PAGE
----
In this paper I argue that consumerautonomy does not count in favor of thelabeling of genetically modified foods (GMfoods) more than for the labeling of non-GMfoods. Further, reasonable considerationssupport the view that it is non-GM foods ratherthan GM foods that should be labeled.
In this article we explore the role evidence ought to play in complementary and alternative medicine. First, we consider the claim that evidence in the form of randomized controlled trials cannot be obtained for CAMs. Second, we consider various claims to the effect that there are ways of obtaining evidence that do not make use of RCTs. We argue that there is no good reason why CAM should be exempted from the general requirement that treatments undergo evaluation by RCT. Third, (...) we consider two implications for health care policy. First, many activities in conventional medicine have never been rigorously evaluated and are widely in use nonetheless. We argue that this fails to provide a reason for exempting CAM from a demand for evidence. Second, CAM use may be compared to a choice of lifestyle, and this has a significant impact on which requirements of evidence can reasonably be imposed. (shrink)
Subjective probabilities play a significant role in the assessment of evidence: in other words, our background knowledge, or pre-trial beliefs, cannot be set aside when new evidence is being evaluated. Focusing on homeopathy, this paper investigates the nature of pre-trial beliefs in clinical trials. It asks whether pre-trial beliefs of the sort normally held only by those who are sympathetic to homeopathy can legitimately be disregarded in those trials. The paper addresses several surprisingly unsuccessful attempts to provide a satisfactory justification (...) for ignoring the pre-trial beliefs of the homeopathic community. The ensuing diagnosis of the difficulties here emphasizes that the reason the arguments for choosing the pre-trial beliefs of the conventional community seem insufficient is not the arguments per se. It is rather that there is no cogent argument for choosing the conventional stance which would at the same time rationally persuade a member of the homeopathic community. The paper concludes that, once we understand that this is the predicament, there is no genuine reason to doubt the reasoning that leads us to reject the pre-trial beliefs of the homeopathic community. (shrink)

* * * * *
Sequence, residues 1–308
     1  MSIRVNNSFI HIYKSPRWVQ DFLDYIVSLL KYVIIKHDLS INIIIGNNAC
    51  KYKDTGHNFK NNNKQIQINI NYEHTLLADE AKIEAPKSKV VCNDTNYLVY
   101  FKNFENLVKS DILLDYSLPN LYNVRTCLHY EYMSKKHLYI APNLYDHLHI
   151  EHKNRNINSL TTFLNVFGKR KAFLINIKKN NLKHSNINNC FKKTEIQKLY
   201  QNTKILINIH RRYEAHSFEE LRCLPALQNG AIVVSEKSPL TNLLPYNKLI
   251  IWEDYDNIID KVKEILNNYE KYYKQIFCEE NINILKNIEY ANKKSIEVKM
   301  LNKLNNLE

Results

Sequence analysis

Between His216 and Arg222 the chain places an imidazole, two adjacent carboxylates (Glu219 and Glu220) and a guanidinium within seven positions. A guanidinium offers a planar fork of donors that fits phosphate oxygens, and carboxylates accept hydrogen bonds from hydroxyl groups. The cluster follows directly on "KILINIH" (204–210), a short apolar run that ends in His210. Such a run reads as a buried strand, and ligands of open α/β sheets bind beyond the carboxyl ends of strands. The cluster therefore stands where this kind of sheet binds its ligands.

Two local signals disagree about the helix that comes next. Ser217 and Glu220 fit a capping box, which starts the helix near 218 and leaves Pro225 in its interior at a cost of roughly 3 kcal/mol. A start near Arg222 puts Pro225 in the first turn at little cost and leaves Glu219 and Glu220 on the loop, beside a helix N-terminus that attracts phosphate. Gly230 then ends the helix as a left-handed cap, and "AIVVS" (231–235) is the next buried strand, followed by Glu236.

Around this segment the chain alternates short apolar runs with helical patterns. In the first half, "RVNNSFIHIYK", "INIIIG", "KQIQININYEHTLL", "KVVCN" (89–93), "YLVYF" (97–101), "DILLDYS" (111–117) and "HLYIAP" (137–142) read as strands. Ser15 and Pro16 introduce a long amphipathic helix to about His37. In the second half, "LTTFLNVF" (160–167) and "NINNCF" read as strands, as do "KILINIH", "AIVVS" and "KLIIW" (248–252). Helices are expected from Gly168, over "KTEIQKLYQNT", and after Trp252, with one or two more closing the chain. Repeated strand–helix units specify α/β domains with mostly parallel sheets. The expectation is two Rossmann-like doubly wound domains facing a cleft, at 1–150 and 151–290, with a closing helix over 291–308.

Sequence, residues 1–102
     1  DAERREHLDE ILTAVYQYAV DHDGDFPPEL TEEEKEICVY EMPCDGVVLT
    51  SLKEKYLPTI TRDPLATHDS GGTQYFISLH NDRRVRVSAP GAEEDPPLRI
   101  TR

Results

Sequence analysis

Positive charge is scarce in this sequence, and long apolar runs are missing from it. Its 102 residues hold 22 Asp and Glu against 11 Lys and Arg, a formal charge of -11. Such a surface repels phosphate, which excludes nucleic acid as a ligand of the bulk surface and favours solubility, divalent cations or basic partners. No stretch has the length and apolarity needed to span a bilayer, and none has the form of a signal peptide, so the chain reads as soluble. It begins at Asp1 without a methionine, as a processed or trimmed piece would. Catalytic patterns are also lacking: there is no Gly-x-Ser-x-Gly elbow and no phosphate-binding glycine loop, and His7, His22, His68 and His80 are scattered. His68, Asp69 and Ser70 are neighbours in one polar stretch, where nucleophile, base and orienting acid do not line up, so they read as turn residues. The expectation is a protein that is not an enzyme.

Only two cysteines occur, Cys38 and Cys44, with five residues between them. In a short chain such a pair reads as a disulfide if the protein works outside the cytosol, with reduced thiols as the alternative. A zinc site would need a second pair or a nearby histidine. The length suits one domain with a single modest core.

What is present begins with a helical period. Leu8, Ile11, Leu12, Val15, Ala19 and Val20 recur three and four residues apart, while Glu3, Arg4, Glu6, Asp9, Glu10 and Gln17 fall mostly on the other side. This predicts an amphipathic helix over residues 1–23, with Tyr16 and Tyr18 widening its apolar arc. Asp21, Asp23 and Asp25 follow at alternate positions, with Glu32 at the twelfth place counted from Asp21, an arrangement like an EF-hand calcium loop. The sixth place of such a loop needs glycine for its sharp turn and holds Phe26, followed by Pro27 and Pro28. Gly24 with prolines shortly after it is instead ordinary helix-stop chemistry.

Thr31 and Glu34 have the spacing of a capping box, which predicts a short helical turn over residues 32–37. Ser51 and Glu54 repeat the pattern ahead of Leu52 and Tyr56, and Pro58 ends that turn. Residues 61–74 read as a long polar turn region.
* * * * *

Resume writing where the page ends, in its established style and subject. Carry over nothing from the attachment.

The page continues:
A class of probability functions is studied. This class contains the probability functions of half-spin particles and spinning classical objects. A notion of realisability for these functions is defined. In terms of this notion two versions of Bell's theorem and their inverses are stated and proved.
The use of complementary and alternative medicine is increasing in the Western world. However, there is no clear evidence of effect of alternative therapies. Moreover, there is no consensus between practitioners and researchers as to the right way of assessing the efficacy of alternative therapies. To investigate practitioners’ perspective on evidence and ways of assessing efficacy twelve in-depth interviews were conducted in Denmark with acupuncturists, including physicians practising acupuncture, acupuncturists with a health-related background, and acupuncturists without a health-related background. Two (...) themes predominated the study, first, the interviewees’ general reflections on how it is possible to establish knowledge about an effect of acupuncture; and second the interviewees’ reflections on the use of randomized controlled trials in acupuncture, including obstacles and alternatives to conducting randomized controlled trials. Further, two conceptions of what constitutes evidence were identified: a biomedical conception and an experience-based conception. Most interviewees were sceptical about the use of randomized controlled trials in acupuncture. Two reasons, especially, were given for this scepticism. First, practical and instrumental reasons concerning the specific elements of the randomized controlled trial or relating to limited resources; and second, value-based reasons are concerning the nature of acupuncture. However, the interviewees were really opposed only to a certain kind of randomized controlled trial, the so-called explanatory trial. They would actually welcome a pragmatic trial. The study gives valuable insight into an under explored field and provide a platform for further investigation, and a better informed discussion of the subject. (shrink)
This paper has been published in 2015 in Environment and Planning D, 33 : p. 1080–1097. It is freely available from Copenhagen Business School. We thank the authors for the permission to reproduce it here.: This paper explores the relationship between bodily rhythms and market rhythms in two distinctly different financial market configurations, namely the open-outcry pit and present-day high-frequency trading. Drawing on Henri - Management et Business – Nouvel article.
In this paper I am analyzing Peter Unger’s famous argument in favour of mereological nihilism (according to this view elementary particles are the only existing objects), called: „Sorites of Decomposition”. This argument is based on the fact that we can remove one, single atom from a compound object without making it ceased to exist.